New generation nuclear detectors for use in well logging

Lead Research Organisation: University of York
Department Name: Physics


Well logging is a key tool for oil and gas exploration, where the composition and structure of strata are probed by introducing instruments down a borehole. Radiation detection is important to this type of approach but is challenging as it must perform highly in an environment with strongly elevated temperatures. We will evaluate the potential for silicon carbide-based APDs as a platform for such radiation detectors when coupled to appropriate scintillator crystals. The test system will be evaluated at temperatures realistic to well logging.

Planned Impact

This is a call linked to industry so the entire purpose of the project is to generate impact. This is spelt out in the case for support.


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Description We worked on developing new detectors for borehole logging for oil and gas exploration, exploiting our earlier projects working on scintillators and silicon photomultipliers. We explored the capability of silicon carbide for radiation detection applications down a borehole.
Exploitation Route Going forward, we hope to develop detectors that will be taken up by the oil and gas exploration industry. We have already engaged with various companies working in this area which ensures that we are well informed with what their requirements are. An example is Robertson Geologging based in North Wales.
Sectors Energy,Environment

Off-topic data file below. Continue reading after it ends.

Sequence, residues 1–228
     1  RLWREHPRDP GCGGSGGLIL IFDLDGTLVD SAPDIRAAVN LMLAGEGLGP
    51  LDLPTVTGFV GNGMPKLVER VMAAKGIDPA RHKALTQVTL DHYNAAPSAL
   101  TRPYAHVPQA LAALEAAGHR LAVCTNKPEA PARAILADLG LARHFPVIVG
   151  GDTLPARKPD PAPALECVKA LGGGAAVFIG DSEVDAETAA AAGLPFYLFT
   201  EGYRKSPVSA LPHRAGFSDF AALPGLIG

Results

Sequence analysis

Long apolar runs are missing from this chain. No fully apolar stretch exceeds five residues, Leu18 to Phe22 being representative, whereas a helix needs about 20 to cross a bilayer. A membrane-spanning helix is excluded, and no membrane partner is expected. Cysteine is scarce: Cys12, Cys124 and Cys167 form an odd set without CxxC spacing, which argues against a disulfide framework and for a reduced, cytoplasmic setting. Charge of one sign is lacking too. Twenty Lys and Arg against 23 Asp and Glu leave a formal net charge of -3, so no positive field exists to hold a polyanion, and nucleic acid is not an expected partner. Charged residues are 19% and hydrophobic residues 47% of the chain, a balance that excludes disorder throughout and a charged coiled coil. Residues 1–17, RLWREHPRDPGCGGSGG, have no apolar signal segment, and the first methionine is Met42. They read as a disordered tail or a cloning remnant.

Description The project has had some impact both for the intended aims as well as supporting our parallel work on solid-state light collection for radiation detection. We have shared our findings with Robertson Geologging based in North Wales who are a leading player in the development of logging equipment for oil and gas exploration. We also made contact with Schlumberger and with Micron Semiconductor who are interested in single crystal diamond detectors. In October 2016, we recommenced work on this project funded by an EPSRC impact award to the University of York. The evolution of silicon photomultiplier technology in the interim since the original STFC-funded project now makes this a viable, low-cost solution. We are therefore working on a gamma-ray detector that may operate at 80 C based on this technology and which will be simple and robust for borehole logging. We hope to commercialise it with our partner, Robertson Geologging. As of February 2019, we are building a prototype for testing in the borehole on the Robertson site. This will be the stepping stone to commercialisation.
First Year Of Impact 2015
Sector Energy,Healthcare,Security and Diplomacy
Impact Types Economic

Description Nuclear physics outreach work 
Form Of Engagement Activity Participation in an activity, workshop or similar
Part Of Official Scheme? No
Geographic Reach National
Primary Audience Schools
Results and Impact For the last ten years, I have been involved in a whole range of outreach activities related to nuclear physics, from lectures to local groups e.g. astronomical societies to lectures at major science festivals. A major focus has been on providing continuous professional development courses for teachers. These have taken place at several science learning centres including National Science Learning Centre in York. In addition, they have been given at Rutherford Lab and elsewhere. Around 500 teachers have been reached over the years.
Year(s) Of Engagement Activity 2006,2007,2008,2009,2010